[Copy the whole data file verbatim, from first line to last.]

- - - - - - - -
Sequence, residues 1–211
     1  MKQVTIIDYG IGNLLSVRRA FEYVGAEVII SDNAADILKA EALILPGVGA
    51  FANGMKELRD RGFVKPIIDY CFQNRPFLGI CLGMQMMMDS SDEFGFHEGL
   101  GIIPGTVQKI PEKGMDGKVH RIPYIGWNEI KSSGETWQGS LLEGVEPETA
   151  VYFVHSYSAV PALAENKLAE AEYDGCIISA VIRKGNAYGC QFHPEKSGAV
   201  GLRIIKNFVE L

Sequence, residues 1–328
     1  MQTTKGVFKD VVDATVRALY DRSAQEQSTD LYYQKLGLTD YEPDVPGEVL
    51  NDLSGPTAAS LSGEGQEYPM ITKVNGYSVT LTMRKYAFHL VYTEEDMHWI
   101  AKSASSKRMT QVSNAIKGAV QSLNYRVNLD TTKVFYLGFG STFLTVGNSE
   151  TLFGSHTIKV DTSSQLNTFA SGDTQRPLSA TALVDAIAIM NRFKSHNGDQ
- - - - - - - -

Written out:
Sequence, residues 1–211
     1  MKQVTIIDYG IGNLLSVRRA FEYVGAEVII SDNAADILKA EALILPGVGA
    51  FANGMKELRD RGFVKPIIDY CFQNRPFLGI CLGMQMMMDS SDEFGFHEGL
   101  GIIPGTVQKI PEKGMDGKVH RIPYIGWNEI KSSGETWQGS LLEGVEPETA
   151  VYFVHSYSAV PALAENKLAE AEYDGCIISA VIRKGNAYGC QFHPEKSGAV
   201  GLRIIKNFVE L

Sequence, residues 1–328
     1  MQTTKGVFKD VVDATVRALY DRSAQEQSTD LYYQKLGLTD YEPDVPGEVL
    51  NDLSGPTAAS LSGEGQEYPM ITKVNGYSVT LTMRKYAFHL VYTEEDMHWI
   101  AKSASSKRMT QVSNAIKGAV QSLNYRVNLD TTKVFYLGFG STFLTVGNSE
   151  TLFGSHTIKV DTSSQLNTFA SGDTQRPLSA TALVDAIAIM NRFKSHNGDQ